The difference is not so much of philosophy as of image. Donald Fleming looks like a real Ontario trueblue Tory. Born and brought up in small Ontario towns, a teetotaler who used to teach Sunday school in the United Church, a 33rd-degrce Mason in the Scottish Rile, a former Toronto alderman (in the days when Toronto really was “The Good") — all these things typecast Fleming as a man of the old-fashioned Right. Hamilton is just as indelibly branded a Leftist by his record as minister of agriculture, his carefully cultivated rustic humor and rhetorical style, and the deliberately radical language in which he argues his quite conservative ideas. Fulton seems a cool, even icy. intellectual, though in fact he is a good companion who enjoys a drink and a party as much as anyone does. Perhaps only George Hees looks exactly what he is, a jovial back-slapper who radiates warmth and cordiality like a red-hot Franklin stove. These personal factors, the apparent as well as the real, will weigh heavily with the delegates when the time comes to mark the ballots.

Even more important w ill be a factor even more personal — the man-toman relationships of the candidates with each other and with other power figures in the Conservative Party.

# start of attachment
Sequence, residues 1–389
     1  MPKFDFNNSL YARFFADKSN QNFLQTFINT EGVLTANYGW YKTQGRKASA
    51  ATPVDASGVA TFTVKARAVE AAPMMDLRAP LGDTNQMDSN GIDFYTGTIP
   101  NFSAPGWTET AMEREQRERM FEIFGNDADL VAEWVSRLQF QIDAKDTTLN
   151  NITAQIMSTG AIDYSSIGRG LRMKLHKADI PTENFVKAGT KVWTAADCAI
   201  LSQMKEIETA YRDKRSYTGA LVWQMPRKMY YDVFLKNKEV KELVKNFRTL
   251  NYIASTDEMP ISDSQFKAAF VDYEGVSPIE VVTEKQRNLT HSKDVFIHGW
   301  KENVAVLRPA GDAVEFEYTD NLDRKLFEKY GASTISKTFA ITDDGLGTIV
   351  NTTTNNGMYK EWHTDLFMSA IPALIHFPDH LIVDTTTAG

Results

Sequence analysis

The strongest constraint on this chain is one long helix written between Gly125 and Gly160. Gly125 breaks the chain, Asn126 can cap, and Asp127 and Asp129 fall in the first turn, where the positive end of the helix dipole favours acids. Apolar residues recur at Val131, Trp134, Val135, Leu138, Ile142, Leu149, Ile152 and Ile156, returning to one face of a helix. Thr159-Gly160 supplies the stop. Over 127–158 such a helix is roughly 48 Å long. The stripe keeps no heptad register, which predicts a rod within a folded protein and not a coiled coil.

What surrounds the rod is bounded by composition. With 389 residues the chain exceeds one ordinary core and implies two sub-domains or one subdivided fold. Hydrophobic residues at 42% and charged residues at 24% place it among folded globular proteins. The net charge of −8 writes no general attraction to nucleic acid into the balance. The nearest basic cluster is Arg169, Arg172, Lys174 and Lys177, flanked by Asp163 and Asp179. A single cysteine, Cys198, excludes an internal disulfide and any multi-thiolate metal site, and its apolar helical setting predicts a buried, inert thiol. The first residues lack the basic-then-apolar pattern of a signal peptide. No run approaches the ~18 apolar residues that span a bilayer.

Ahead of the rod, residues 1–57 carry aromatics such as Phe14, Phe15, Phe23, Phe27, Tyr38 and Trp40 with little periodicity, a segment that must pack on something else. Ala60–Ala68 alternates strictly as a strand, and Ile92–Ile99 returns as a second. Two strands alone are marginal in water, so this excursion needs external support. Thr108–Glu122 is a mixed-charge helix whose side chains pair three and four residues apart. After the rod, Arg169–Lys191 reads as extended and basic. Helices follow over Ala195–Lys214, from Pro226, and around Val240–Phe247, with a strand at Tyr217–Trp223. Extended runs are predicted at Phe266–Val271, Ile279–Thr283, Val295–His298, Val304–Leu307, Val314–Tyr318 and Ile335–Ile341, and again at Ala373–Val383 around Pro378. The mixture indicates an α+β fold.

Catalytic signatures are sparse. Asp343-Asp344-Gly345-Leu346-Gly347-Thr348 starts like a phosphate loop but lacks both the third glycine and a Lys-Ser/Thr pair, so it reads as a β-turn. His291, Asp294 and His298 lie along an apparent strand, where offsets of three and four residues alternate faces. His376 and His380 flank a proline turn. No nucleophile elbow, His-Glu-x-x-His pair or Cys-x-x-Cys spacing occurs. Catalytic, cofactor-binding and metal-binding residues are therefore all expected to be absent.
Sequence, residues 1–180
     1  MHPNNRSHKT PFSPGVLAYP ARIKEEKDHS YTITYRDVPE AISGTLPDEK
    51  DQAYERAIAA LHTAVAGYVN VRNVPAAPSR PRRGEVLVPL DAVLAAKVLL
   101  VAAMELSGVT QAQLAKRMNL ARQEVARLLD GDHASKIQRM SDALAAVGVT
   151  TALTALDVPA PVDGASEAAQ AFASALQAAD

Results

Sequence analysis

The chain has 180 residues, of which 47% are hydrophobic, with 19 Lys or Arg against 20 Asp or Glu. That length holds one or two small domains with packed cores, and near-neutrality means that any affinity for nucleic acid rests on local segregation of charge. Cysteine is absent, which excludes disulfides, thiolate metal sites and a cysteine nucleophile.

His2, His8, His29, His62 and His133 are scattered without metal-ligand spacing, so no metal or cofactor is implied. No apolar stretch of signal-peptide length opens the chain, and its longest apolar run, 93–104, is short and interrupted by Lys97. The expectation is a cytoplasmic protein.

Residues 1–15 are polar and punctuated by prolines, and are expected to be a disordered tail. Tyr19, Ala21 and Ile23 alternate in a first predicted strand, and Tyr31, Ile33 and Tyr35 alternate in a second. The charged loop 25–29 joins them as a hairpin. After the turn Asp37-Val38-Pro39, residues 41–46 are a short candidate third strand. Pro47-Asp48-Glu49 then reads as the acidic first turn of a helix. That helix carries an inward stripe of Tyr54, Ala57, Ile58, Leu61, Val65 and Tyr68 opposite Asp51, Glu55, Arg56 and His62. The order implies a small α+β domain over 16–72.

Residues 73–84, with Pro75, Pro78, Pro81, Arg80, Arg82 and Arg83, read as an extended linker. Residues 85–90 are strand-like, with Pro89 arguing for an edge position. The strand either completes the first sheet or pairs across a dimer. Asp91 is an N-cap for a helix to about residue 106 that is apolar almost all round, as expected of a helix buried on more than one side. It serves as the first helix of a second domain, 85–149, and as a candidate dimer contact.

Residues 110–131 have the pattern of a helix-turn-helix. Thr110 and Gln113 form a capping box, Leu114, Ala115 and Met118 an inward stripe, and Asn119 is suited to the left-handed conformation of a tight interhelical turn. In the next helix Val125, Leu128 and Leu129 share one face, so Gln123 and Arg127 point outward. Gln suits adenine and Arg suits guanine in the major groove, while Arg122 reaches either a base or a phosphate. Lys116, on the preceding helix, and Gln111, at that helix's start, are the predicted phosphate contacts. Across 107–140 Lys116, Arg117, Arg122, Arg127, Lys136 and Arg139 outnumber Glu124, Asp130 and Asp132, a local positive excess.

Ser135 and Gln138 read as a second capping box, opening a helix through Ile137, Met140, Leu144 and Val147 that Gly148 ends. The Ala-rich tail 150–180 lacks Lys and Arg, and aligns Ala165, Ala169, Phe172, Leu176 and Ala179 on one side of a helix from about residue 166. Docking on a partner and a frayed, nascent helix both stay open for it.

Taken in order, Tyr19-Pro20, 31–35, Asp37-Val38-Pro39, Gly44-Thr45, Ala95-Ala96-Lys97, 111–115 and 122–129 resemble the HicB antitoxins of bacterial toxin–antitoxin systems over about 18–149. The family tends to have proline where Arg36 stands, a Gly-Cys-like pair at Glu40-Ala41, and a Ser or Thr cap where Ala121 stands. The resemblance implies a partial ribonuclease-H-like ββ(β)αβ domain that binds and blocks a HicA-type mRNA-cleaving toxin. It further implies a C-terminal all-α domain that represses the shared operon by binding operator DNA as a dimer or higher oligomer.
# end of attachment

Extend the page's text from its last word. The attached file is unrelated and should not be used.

Stanfield and Roblin both intimated that they would not run against each other, but when Stanfield announced in July that he would be a candidate. Roblin did not immediately declare himself out. It was an open secret that even had Roblin been the first to run. Stanfield’s backers would have kept on urging him to go too. Roblin's backers evidently did the same. Each premier has certain advantages, geographical and personal, that the other lacks.

One of Roblin’s important advantages is the support of Premier Daniel Johnson of Quebec. Nominally, Johnson is not a Conservative — his Union Nationale is a solely provincial party. But all Quebec Conservatives have Union Nationale connections of some sort, and Johnson's federal friends are Tories. He likes Roblin not only because the Manitoba premier speaks acceptable French (so do Fleming and Fulton, and Stanfield has been studying hard for several years), but more particularly because Roblin’s policies in Manitoba have shown his acceptance of. or sympathy with, the French-C'anadian viewpoint.

Johnson’s support is not an unqualifieri asset among Conservative delegates, especially since he was too busy to accept the Queen's invitation to dinner, but Johnson is astute enough to know this. His advice, however quietly given, will have great influence with the 524 delegates from Quebec.

TORIES — FRASER continued

“Suppose The Chief ignores the convention. What then?"